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iPhone's new Fortnite's 60fps mode tested - and it's a tech milestone

How Epic Games doubled performance with the latest Apple silicon.

By Richard Leadbetter. 21/12/2018

When Fortnite first appeared on iPhone, we were quick to laud a genuine technological achievement - a visually cut-down version of the full game that was still recognisably Fortnite, that played the same way, that run the same code and allowed users to buddy up with their friends running on console and PC. Recently, Epic took the mobile version of Fortnite to the next level; the latest iOS devices run the game smoothly at 60 frames per second, just like their console equivalents - and the story of how that became possible is absolutely fascinating.

The truth is that aside from minor modifications to unlock the frame-rate and add the option to the game's menu system, no substantial code revamp was required at all. Fortnite on the latest iPhones runs at 60 frames per second simply by virtue of the new Apple A12 Bionic silicon - or rather its increased power and crucially, its superior thermal performance. Games development in the mobile space has an extra set of considerations for developers - specifically, not overheating the device. Ongoing optimisations have been taking place, however, but the focus there has been on maintaining performance with the additional demands of the game's many expansions and enhancements.

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Based on conversations with Epic Games, last year's iPhone X can - in theory - run Fortnite at 60 frames per second. According to the developer, per-frame rendering times vary between eight to 16ms. In more complex scenarios it would be tight, but that's fast enough to hit 60 frames per second for the majority of the game's duration. However, the reality is that running the last-gen A11 Bionic flat-out would overheat the device, leading to lower CPU and GPU clocks, severely impacted performance and highly compromised battery life. Epic's solution is simple then - lock to 30fps and in the process give the device the thermal headroom to stay cool enough to run at peak frequencies.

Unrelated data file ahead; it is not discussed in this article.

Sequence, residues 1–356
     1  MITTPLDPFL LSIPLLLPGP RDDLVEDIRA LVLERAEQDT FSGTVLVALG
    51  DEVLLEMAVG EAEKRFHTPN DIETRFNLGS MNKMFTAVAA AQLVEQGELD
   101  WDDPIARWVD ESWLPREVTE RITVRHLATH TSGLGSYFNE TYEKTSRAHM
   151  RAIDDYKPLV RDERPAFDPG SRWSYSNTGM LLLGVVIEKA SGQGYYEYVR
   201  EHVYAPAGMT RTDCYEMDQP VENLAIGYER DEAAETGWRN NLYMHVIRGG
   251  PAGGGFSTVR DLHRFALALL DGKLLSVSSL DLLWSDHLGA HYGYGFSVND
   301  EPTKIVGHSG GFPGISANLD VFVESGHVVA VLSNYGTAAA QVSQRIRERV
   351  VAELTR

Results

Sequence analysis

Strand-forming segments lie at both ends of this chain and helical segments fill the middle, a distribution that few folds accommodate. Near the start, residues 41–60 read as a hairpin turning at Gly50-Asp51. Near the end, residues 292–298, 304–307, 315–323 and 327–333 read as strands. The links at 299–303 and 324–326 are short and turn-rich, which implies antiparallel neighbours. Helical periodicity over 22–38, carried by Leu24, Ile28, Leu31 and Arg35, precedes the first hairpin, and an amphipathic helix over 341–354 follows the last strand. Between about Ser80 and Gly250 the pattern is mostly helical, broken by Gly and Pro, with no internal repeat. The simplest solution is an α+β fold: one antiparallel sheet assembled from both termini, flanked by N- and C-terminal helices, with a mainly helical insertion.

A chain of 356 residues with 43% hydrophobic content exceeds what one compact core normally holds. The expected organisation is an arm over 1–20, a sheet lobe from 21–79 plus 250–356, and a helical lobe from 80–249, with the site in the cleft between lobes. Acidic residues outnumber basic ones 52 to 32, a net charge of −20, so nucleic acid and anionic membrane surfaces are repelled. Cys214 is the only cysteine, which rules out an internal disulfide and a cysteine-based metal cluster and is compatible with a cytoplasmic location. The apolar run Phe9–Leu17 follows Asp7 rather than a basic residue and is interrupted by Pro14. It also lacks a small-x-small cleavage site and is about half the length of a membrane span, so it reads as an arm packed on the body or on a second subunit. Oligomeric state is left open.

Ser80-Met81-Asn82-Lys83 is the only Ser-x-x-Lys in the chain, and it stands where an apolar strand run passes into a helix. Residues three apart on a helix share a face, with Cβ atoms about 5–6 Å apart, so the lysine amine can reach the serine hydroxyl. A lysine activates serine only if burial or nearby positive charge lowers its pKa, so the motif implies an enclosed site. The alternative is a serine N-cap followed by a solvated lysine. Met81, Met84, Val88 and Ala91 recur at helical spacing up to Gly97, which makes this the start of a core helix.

It's a completely different ballgame with the A12 Bionic found in the iPhone XS, XS Max and the cheaper but just as capable iPhone XR (which Epic supplied for Fortnite 60fps testing). Epic says that the extra processing power allows Fortnite to complete a frame in the eight to 10ms range, meaning that there's still plenty of 'down time' for the silicon. Apple's move to TSMC's new 7nm process also opens up the thermal headroom required to maintain peak clocks. By default, the game still boots with 30fps enabled, but the user can switch to 60fps - though obviously, battery life will be diminished compared to the default option, and you can expect the device to get warmer too.

But does it work? For the vast majority of gameplay, yes. I'm still not a fan of Fortnite's necessarily compromised touchscreen controls, but the Epic game looks and plays better for the same reason that phone UIs feel good at full frame-rate - there's more of a 1:1 feel between touch and response. Side-by-side with the game running at 30fps on a Razor Phone, the visuals are almost entirely identical (the iPhone XR seems to have texture streaming advantages and occasionally improved draw distances) but the look of the game is much improved: a smooth 60fps clearly beats out the more variable performance on Android, a factor of its half-rate refresh and uneven frame-pacing.

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Side by side with the Xbox One X, the same visual compromises remain - reduced LODs, geometry, textures, lighting, ambient occlusion etc - but the overall impression is still very similar, especially as many of these features aren't as noticeable when played on a phone screen. What is noticeable is the frame-rate, where iPhone now gets very close to the full console experience - a remarkable achievement bearing in mind that Fortnite launched as a 30fps game on the current-gen consoles. Performance isn't entirely locked, mind you - aside from little hiccups here and there, some scenes with extended draw distances (but certainly not all) can deliver a more sustained hit to frame-rates.

Epic says that the CPU time required for Fortnite is in the 4-5ms range on the new iOS silicon. The firm also stresses that it's the same code running on the consoles - it has to be, to make cross platform play possible - but it is, of course, running with lower detail levels. However, there's already been a bump in quality to animation and network prediction code, and more enhancements could be coming to make use of that overhead. Additionally, the iPad Pro should also have the same 60fps option as the latest iPhones, and Epic says that even last year's model should have the functionality too - albeit operating one notch down on the quality settings.

If you're investing in one of the iOS models, I highly recommend checking Fortnite out. What was already one of the most impressive mobile games now looks and plays better, and running console and phone versions side-by-side via spectator mode with identical content provides one of the most unlikely - yet satisfying - real-time graphics face-offs I've seen. The one drawback? There's no such thing as a free lunch when it comes to 3D rendering and so obviously, running the game at twice the frame-rate makes for a hotter phone and reduced battery life. It's why Fortnite on iOS defaults to 30fps as the norm on all devices - but the 60fps option is there on supported devices in the options menu and I'd say it's the preferred way to play.

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